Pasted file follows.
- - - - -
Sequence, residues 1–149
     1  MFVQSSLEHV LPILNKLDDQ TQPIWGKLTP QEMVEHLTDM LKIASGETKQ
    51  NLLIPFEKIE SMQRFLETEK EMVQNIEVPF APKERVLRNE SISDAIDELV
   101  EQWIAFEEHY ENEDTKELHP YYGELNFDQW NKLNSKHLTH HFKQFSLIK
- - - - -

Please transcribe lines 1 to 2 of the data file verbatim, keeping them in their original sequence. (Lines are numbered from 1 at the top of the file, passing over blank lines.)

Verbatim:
Sequence, residues 1–149
     1  MFVQSSLEHV LPILNKLDDQ TQPIWGKLTP QEMVEHLTDM LKIASGETKQ